Showing posts from July 5, 2020

The Book of Three

Instead of reading more of my SQL book, I read The Book of Three by Lloyd Alexander. It was a fun fantasy tale for young adult audiences, and I thoroughly enjoyed reading it this morning. Being a young adult novel, I was able to easily get it done in about four hours and would recommend it to anyone older than, say, 10 or so, as it's very approachable. The only gripe I have deals with the fact that the author would choose to have dialogue like: "Why did Event X happen?" "Event X happened because Event Y happened - and there is no time to explain Event Y!" Perhaps the author chose this to keep his books short, or to keep the action going, or just to not deal with the possibility of plot holes. There are four more books in this series that I'll read throughout the summer. I'm looking forward to continuing the story and reading how the protagonist matures. But tomorrow, I'll continue on with Query Optimization in my SQL book. Much drier read, but I

Dynamic SQL

I read through the chapter on Dynamic SQL that touched briefly about SQL injections, and then I went through the exercises and lesson review questions. Looks like I need to read the QUOTED_IDENTIFIER section - I only got one of two answers correct. It seems I do better and remember more if I type out all the exercises, which reminds me of the reason why I did better on my Business Law final exam over the midterm - I wrote down key terms, which is kind of what I'm doing here by typing out all the exercises and examples. The dry material is a little tough to get through even though the subject itself is interesting. I just need to do more examples in order to cement more information. I'm also a little tired of reading SQL every night, and I might need a day's rest from it. Every night after working with SQL, I've been reading and doing exercises in SQL between 1 and 3 hours, and I'm thinking Saturday I'll read something else that doesn't start with USE T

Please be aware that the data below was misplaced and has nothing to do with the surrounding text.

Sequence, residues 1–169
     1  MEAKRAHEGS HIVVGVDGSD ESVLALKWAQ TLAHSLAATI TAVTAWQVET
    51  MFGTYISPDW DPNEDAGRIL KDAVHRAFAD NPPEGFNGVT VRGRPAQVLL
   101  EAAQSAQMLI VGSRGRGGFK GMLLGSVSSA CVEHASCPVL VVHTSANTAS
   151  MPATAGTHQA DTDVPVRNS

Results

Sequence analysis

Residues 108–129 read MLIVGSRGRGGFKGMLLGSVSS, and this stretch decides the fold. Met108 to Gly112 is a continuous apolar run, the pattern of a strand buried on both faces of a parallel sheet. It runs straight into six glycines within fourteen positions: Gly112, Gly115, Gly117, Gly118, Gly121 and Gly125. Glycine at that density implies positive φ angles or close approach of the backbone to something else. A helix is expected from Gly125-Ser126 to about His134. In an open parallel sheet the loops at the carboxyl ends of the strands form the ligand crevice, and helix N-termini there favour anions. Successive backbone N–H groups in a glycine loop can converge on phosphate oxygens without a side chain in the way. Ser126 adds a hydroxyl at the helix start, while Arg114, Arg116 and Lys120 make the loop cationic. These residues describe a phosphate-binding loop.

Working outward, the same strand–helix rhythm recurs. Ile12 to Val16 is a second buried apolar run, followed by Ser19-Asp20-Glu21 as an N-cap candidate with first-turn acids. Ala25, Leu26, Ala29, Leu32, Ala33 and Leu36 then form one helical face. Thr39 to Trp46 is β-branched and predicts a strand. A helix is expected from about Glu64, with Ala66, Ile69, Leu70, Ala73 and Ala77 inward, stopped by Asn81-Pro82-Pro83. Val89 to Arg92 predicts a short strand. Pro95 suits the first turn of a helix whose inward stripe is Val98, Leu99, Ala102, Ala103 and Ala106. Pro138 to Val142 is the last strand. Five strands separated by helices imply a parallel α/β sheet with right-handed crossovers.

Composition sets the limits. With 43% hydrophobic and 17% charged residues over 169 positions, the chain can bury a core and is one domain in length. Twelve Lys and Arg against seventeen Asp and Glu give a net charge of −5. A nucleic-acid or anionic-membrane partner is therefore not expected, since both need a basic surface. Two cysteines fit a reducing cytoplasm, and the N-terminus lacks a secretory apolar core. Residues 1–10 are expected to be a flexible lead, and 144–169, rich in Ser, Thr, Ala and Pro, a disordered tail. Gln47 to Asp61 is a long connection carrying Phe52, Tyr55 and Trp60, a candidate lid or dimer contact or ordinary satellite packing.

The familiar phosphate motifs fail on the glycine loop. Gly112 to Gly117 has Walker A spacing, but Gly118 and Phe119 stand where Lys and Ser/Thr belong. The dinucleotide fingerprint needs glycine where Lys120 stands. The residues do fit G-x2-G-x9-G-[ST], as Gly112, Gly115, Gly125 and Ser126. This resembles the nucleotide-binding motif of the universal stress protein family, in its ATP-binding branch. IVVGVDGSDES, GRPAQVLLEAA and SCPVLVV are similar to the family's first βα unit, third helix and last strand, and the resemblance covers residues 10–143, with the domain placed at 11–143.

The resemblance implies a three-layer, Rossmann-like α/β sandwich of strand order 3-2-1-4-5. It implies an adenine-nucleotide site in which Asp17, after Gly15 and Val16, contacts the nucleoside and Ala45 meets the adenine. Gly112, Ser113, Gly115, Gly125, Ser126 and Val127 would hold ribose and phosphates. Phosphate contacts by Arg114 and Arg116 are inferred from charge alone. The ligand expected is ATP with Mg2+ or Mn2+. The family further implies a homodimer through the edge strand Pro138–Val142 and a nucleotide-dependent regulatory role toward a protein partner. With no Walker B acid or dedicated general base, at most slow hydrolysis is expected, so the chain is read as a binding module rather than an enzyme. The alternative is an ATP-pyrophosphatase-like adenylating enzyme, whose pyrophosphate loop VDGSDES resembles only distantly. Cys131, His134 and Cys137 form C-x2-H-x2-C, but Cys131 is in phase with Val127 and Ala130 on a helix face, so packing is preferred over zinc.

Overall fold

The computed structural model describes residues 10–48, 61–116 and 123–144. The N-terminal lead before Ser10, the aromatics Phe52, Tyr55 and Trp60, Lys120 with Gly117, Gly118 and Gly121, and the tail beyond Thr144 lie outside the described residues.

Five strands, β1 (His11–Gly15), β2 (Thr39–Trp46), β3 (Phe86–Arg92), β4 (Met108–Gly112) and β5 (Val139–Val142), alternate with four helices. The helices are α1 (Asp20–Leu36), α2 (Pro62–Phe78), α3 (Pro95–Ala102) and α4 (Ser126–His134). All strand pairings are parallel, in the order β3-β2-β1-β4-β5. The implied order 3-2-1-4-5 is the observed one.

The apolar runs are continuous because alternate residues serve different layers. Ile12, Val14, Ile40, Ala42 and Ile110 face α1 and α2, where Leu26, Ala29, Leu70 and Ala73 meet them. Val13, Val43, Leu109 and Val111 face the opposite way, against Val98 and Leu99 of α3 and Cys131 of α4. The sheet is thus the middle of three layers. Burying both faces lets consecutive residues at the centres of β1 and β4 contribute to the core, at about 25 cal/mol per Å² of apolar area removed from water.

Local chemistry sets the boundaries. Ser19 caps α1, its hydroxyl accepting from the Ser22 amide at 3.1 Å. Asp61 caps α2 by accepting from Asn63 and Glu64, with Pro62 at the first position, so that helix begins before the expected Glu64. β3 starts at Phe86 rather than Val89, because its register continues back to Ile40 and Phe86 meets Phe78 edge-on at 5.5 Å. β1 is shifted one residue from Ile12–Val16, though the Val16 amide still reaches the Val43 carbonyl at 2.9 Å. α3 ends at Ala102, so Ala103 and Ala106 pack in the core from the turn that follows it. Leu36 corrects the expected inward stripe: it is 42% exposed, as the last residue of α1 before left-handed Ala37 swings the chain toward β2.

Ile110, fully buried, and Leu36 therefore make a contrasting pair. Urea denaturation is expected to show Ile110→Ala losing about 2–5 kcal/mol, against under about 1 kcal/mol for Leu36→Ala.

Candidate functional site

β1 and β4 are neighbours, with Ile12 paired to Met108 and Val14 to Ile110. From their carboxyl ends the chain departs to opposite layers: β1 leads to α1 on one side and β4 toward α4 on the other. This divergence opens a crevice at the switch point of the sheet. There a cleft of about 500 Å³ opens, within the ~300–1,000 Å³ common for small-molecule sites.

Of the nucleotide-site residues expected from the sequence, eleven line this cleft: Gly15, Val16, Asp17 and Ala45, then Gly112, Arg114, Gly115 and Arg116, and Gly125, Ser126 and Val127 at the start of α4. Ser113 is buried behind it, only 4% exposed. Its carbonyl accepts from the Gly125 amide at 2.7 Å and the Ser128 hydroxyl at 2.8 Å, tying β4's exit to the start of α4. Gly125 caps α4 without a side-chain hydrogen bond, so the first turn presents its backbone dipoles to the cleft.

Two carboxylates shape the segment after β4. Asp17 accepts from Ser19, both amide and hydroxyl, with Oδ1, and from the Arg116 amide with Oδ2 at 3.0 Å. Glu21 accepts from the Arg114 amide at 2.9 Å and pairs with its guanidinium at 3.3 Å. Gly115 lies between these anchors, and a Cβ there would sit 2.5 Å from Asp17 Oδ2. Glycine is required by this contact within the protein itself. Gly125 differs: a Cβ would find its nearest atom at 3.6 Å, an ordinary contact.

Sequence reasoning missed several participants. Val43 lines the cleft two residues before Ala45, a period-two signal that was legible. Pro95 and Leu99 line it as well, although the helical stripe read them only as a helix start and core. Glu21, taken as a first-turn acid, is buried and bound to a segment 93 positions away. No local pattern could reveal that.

T-SQL Error Handing Part 3 and Managing Transactions and Concurrency and Chocolate Truffles

The last exercise in the lesson about error handling, as well as the lesson questions at the end were rather easy, luckily. I finished those up, then decided that I should try making chocolate truffles. Yep. Two ingredients - a can of sweetened condensed milk and a cup of cocoa powder. I used a pan and metal bowl in lieu of a double boiler. I put in about two cups of water and turned on the burner, and gathered the rest of the ingredients and utensils while waiting for the water to boil. I poured the sweetened condensed milk in the bowl and started whisking away. Pretty soon, it was getting thin, so I slowly added the cocoa powder through a fine mesh strainer and incorporated it in the milk. It was looking great! Just the last 1/3 cup of cocoa powder to go. Then you know what happens whenever you deal with chocolate and a heating source. It seizes up. Sludge. I've got about a 1/6 of a cup of cocoa not incorporated and a bowl of chocolate sludge. That's what I get for wo

T-SQL Error Handling Part 2